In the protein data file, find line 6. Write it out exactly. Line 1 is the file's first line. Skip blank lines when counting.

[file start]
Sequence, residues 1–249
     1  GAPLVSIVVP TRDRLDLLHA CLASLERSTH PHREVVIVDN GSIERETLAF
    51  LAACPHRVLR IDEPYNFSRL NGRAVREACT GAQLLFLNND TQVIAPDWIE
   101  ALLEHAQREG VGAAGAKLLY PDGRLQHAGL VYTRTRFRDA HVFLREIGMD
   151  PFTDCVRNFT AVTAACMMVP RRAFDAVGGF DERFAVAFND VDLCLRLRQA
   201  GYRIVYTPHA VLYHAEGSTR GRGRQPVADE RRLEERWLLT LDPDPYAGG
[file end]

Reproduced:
   201  GYRIVYTPHA VLYHAEGSTR GRGRQPVADE RRLEERWLLT LDPDPYAGG